Thinking as I was on writing a post about my experience in CodeAcademy [1], the webpage name just caught my eye while I was overlooking TechCrunch. And then I read the rest of the article’s header:

Codecademy Partners With Google And DonorsChoose To Boost Girls’ Interest In Computer Science

First thing that has come to my mind? Neil deGrasse Tyson’s opinion about women in science. If you haven’t seen it before, please do it now.

I agree with everything deGrasse says, and that’s why I truly believe that this initiative will ultimately fail. Yes, it will probably help, as the article says, to upgrade the classrooms, and maybe a couple of girls will actually become interested in programming and ultimately become computer scientists [2], but as deGrasse points, the actual problem is not that women don’t feel attracted by science, programming or computers. The real problem is that society discourages and fights against the idea of women studying Computer Science or Computer Engineering. The fact that, without women like Grace Hopper, “the women of ENIAC” and many others alike, computers would not exist as we know them nowadays, seems to be irrelevant for many. Girls are “not meant” to devote their life to computers. They are expected to study Biology, Pharmacy, Botanics, or carreers alike, and any attempt to follow a different path is disencouraged.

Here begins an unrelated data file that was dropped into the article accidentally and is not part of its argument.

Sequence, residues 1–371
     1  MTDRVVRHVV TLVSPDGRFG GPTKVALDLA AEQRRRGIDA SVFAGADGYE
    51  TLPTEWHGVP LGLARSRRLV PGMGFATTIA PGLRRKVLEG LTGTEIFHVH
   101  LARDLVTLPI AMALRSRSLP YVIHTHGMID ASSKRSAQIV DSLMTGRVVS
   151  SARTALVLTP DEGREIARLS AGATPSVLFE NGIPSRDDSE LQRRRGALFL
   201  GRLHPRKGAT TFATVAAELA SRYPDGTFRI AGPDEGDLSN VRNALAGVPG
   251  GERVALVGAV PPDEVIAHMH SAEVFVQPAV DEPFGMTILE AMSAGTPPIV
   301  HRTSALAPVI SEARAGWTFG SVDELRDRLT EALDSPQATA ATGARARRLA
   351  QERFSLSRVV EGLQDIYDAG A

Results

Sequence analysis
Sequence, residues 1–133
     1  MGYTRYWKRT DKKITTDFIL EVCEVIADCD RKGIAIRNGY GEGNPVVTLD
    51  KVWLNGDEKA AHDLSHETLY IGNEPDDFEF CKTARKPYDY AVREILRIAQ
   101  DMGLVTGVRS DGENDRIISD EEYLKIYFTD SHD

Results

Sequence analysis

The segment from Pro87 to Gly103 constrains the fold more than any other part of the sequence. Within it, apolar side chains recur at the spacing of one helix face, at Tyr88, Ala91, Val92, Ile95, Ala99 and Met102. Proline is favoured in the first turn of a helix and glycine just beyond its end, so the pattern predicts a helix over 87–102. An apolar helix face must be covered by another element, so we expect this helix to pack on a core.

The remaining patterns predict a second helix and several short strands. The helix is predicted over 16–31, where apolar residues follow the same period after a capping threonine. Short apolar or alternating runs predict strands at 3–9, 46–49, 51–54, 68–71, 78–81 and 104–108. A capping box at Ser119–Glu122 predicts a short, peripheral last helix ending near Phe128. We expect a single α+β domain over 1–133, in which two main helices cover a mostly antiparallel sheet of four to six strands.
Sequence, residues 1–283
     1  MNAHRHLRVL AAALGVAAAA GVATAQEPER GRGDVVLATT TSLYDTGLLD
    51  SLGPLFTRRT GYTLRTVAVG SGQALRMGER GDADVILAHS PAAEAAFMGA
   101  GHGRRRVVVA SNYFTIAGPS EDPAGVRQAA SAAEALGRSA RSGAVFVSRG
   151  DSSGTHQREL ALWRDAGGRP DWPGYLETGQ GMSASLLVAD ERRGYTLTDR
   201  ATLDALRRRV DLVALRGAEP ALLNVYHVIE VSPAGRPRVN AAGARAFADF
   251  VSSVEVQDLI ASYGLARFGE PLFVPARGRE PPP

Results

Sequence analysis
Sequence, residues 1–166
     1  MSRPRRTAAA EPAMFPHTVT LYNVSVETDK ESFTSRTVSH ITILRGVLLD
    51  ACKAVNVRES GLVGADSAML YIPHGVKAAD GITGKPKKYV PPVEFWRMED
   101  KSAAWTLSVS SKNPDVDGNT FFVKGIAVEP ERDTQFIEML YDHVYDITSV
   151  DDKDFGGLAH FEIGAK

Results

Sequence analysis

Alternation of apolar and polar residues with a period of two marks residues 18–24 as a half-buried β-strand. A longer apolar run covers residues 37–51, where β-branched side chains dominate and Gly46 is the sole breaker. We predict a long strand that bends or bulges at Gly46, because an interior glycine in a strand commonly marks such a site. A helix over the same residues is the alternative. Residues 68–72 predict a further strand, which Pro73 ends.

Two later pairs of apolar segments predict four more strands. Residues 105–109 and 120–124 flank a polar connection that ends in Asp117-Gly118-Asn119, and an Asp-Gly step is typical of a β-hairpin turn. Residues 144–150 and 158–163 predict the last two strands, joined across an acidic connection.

And the truth is, setting economic rewards for girls learning to code will not change that picture at all. Probably, many of those who will take the lessons were already interested in programming beforehand. But if we don’t attack the root of the problem, if we as a society don’t stop sending the message that a programmer woman in something weird, then no partnership between companies, no matter how big the cheque, will be able to turn the tide.

Update (26-June-2014)

If someone ever doubted how Society pushes girls away from Sciences, watch this video:


[1] Spoiler: It’s not very possitive.
[2] Not that I think that CodeAcademy is the best way to generate interest in programming. See the previous note and the post on CA that I will (eventually) write.

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